Addis Ababa, Ethiopia, December 8, 2020 – Experts agree that Africa’s governments will have to strike a balance between health, economic and social policy interventions in the coming months to mitigate the negative impact of the COVID-19 pandemic. Measures to prevent the spread of the virus have dampened prospects for economic growth on the continent, due to the prolonged impact of lockdowns and restrictions on travel and movement of goods.
The impact of COVID-19 on Africa was underscored on Tuesday during a session on its socio-economic effects at the Africa Economic Conference hosted by the Economic Commission for Africa (ECA), the Africa Development Bank (AfDB) and the United Nations Development Programme (UNDP).
Presenting a paper titled, “COVID-19 in Africa: The implications for macroeconomic and socioeconomic dimensions,” Mma Ekeruche said that while Africa’s young population shielded it from the worst of the pandemic, countries now face weak growth and a diversion of resources that may aggravate the economic impact of COVID-19. She argued that in the face of dwindling resources, the continent’s policymakers will have to implement a wide range of macroeconomic policy measures to recover faster.
According to Mila Malavoloneke, who presented a paper called, “Rethinking China-Africa trade relations: The impact of a Sino-Africa FTA on trade balance”, Africa’s trade with China has been severely affected as manufacturing facilities in that country shut down during the pandemic.
“With COVID- 19, the challenge with the supply chain increased - some African countries had certain products disappear when China went into lockdown. Manufacturing was halted during the lockdown.” she said, adding that countries have to implement structural reforms to address the existing production capacity.
She argued that China is a strategic commercial partner for Africa, although there is a need to address the industrial divide for the continent to make significant gains.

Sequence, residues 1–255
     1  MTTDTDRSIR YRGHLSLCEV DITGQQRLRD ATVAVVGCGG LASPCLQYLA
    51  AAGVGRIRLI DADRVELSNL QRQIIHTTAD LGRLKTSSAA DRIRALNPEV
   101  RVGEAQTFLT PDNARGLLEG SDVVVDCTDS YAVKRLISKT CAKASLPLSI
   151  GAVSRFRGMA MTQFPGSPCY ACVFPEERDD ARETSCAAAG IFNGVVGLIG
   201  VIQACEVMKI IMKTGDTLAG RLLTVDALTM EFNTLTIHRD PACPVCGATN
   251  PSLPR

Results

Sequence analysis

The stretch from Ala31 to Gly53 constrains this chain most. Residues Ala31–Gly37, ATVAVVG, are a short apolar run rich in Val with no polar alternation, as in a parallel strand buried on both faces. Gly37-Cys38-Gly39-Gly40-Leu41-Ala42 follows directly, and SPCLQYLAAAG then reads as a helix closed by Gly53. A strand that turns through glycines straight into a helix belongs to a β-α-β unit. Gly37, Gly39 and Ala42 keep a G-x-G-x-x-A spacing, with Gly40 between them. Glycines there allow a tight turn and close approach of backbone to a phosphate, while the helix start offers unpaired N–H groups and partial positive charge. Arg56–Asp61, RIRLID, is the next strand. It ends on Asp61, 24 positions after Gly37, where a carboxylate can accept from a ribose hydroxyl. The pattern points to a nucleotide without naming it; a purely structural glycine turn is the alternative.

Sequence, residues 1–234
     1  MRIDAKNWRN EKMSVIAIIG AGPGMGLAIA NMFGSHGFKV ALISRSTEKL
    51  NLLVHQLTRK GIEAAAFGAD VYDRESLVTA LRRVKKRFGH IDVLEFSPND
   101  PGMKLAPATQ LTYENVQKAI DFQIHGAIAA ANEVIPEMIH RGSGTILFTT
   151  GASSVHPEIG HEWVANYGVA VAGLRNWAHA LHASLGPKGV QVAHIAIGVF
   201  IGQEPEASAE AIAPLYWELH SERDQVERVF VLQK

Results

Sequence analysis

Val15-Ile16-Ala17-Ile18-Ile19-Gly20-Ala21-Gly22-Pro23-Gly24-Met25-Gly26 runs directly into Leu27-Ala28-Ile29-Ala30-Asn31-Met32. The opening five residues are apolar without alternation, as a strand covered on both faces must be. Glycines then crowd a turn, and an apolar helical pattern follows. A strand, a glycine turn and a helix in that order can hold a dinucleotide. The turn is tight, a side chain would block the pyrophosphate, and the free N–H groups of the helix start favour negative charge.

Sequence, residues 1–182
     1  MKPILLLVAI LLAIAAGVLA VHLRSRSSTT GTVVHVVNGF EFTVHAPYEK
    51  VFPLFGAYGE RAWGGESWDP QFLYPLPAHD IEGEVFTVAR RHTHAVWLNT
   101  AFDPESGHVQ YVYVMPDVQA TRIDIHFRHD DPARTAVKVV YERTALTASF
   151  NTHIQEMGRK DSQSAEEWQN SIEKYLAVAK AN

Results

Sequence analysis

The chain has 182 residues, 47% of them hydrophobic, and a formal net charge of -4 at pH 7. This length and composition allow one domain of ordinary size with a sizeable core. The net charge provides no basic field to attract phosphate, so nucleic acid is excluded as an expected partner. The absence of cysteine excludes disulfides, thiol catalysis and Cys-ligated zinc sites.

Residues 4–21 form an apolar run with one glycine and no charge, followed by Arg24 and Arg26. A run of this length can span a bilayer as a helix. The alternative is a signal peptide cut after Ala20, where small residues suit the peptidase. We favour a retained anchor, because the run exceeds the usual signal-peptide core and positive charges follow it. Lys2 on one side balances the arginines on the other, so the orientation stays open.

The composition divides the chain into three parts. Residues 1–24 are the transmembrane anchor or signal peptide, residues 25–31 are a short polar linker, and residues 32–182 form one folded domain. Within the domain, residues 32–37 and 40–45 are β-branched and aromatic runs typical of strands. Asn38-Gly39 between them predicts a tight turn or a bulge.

Malavoloneke said, “There is a need to examine existing preferential trade agreements,” and African countries should boost trade by looking at negotiating a free trade area with China.
However, Rachael Nsubuga from ECA’s Sub-regional Office for Eastern Africa, challenged the idea of using the African Continental Free Trade Area (AfCFTA) as a benchmark to negotiate other free trade agreements. “Meaningful growth will only happen if this FTA happens at 100 percent liberalization which is not realistic. Model results show no economic benefits for Africa (worsened trade deficit) to support the formulation of the FTA (with China),” Nsubuga said, commenting on the paper’s findings and recommendation for an FTA with China. She added, “I agree with the authors, we need to examine existing trade agreements between China and Africa like the China duty free /quota free market access for LDCs into the African market.”
Another paper presented during the session was, “Income-related health inequalities associated with the Coronavirus epidemic in South Africa: A decomposition analysis” by Chijioke Nwosu. He used national surveys to compare the health situation before and during the pandemic, finding that poor health worsened in vulnerable households. He recommended addressing income and racial inequalities as key to mitigating the negative impact of the COVID-19 pandemic, and improving health outcomes for vulnerable populations.
However, Sidzanbnoma Nadia Denise Ouedraogo, Sub-Regional Office for West Africa, ECA, queried the reliability of the data used in the research. She pointed out possible problems, “the sample of 4 000 is relatively small and the date of the data of the survey collected. Indeed, we know that African countries started feeling the negative impact of the pandemic in February - March but the data of the survey has been collected in June.” She advised Nwosu to look for another motivation for the paper, such as quantifying the impact of the pandemic on healthcare in South Africa.
The 2020 edition of the African Economic Conference is being held virtually from 8 to 10 December 2020. The conference provides a platform for academics and young researchers to present solution-oriented research to policymakers.
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